Higher education administrative costs
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Higher education administrative costs continuing the study by Thomas D. Snyder

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Published by Office of Educational Research and Improvement, U.S. Dept. of Education, For sale by the Supt. of Docs., U.S. G.P.O. in [Washington, D.C.] .
Written in English


  • Education, Higher -- United States -- Costs

Book details:

Edition Notes

StatementThomas P. Snyder and Eva C. Galambos.
ContributionsGalambos, Eva C., United States. Office of Educational Research and Improvement.
The Physical Object
Paginationx, 86 p. :
Number of Pages86
ID Numbers
Open LibraryOL17699144M

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Discover the best Higher Education Administration in Best Sellers. Find the top most popular items in Amazon Books Best Sellers. Get this from a library! Higher education administrative costs: continuing the study. [Thomas D Snyder; Eva C Galambos; United States. Office of Educational Research and Improvement.].   American higher education is also grotesquely top-heavy. Deans and Provosts have multiplied like rabbits. In the past forty years, the growth rate in the number of administrative staff has been five times that of professors. For a generation and more, American higher education has been sinking slowly beneath the burden of administrative costs.   The focus on administrative costs has grown more urgent because the instructional employees in higher education are “de-professionalizing” at the same time that administrative .

  I usually begin talks on my book Higher Education Accountability with a discussion of why accountability pressures now are stronger than ever for much of nonprofit higher education. Not surprisingly, one of the key reasons that I discuss is the rising price tag of a college education. I usually get at least one question from audience members in every talk about the extent to which. This is in part due to Circular A‘s cap of 26% on administrative costs. The administrative component for the A&M System’s negotiated F&A cost rate is 23%. Administrative costs do not contribute greatly to F&A rate differences. This is in part due to Circular A’s cap of 26% on administrative costs.   The “Administrators in Higher Education Salary Survey” conducted by the College and University Professional Association for Human Resources found the average annual salary of a “Chief Executive Officer of a System” in a two-year institution to be $,; in a four-year institution, $,; in a doctoral context, $,   A new report suggests that while growing personnel and construction costs are a factor in the rising price of public higher education, a decline in state funding is the real culprit. Report says administrative bloat, construction booms not largely responsible for tuition increases.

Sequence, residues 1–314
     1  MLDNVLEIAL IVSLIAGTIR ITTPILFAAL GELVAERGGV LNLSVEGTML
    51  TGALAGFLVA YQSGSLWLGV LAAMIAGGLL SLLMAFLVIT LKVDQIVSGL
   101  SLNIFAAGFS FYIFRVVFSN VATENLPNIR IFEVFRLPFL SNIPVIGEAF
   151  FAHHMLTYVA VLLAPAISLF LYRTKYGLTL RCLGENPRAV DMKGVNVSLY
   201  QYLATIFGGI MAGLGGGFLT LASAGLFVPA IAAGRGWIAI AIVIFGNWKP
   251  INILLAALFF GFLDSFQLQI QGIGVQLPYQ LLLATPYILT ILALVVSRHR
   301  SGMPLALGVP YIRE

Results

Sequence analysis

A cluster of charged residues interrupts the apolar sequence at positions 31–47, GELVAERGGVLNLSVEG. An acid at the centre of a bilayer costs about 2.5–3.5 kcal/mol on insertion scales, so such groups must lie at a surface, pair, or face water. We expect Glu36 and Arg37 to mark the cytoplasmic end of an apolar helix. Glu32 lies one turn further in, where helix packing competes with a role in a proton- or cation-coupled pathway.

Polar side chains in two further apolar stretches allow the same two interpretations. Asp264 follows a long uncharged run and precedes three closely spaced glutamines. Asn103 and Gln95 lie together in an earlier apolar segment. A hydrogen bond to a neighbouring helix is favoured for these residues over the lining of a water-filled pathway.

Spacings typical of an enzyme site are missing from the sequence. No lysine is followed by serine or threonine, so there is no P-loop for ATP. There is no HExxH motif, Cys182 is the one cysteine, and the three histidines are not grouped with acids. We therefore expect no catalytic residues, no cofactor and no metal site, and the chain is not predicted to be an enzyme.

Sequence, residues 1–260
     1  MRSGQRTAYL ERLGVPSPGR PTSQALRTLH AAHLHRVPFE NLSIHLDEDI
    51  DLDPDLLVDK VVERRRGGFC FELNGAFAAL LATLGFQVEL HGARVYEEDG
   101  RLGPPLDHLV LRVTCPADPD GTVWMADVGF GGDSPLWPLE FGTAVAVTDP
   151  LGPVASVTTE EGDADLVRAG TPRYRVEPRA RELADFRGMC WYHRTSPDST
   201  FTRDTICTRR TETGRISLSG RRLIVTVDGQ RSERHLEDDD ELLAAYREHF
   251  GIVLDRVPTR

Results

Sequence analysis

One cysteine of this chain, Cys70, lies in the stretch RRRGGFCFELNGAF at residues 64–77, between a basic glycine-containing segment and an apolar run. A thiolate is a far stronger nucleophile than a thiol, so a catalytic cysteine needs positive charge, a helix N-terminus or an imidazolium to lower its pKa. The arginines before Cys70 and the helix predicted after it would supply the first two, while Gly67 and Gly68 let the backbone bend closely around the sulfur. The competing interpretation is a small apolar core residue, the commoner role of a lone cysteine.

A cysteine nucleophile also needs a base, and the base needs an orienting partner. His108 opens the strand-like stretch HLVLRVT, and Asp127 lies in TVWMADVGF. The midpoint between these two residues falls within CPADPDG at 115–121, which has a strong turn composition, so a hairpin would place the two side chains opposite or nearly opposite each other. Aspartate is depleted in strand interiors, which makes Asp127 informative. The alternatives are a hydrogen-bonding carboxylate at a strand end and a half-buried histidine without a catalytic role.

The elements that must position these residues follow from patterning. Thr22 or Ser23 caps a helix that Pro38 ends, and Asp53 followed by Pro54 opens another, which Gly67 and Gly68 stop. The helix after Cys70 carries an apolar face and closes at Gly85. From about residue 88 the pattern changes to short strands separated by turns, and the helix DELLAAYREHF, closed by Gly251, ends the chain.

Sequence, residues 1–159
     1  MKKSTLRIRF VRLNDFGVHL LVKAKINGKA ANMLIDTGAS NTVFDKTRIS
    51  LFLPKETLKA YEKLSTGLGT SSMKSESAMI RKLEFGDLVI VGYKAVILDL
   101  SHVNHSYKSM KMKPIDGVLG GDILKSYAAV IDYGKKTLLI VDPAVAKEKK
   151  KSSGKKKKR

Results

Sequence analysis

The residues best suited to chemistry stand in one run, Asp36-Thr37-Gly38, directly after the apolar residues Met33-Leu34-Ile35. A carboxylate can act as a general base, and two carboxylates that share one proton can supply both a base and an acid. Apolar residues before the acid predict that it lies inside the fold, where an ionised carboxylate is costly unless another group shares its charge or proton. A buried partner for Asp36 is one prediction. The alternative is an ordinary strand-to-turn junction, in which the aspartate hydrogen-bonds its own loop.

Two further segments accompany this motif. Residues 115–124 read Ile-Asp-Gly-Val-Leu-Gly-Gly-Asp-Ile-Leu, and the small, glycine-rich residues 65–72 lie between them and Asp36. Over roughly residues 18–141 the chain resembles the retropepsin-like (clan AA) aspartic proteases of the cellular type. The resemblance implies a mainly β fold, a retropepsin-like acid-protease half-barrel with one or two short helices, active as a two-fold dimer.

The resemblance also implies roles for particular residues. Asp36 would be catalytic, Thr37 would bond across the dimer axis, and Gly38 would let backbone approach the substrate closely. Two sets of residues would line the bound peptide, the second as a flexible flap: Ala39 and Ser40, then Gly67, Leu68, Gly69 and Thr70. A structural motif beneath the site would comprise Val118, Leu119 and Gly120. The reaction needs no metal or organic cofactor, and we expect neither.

Administrative expenses are the expenses an organization incurs not directly tied to a specific function such as manufacturing, production, or g: Higher education. Thomas Sowell hit that point hard in his book Inside American Education, writing, “Whatever colleges and universities choose to spend their money on is called a ‘cost.’ If they hire more administrators, or build more buildings to house them, or send the college president on more junkets, these are all additional costs.”. N o statistic about higher education commands more attention—and anxiety—among members of the public than the rising price of admission. Since , inflation- adjusted tuition at public.   Education. Home. 25 Ways for Colleges to Cut Costs Reduce administrative staff. Reduce textbook costs. Book rentals and electronic versions of books .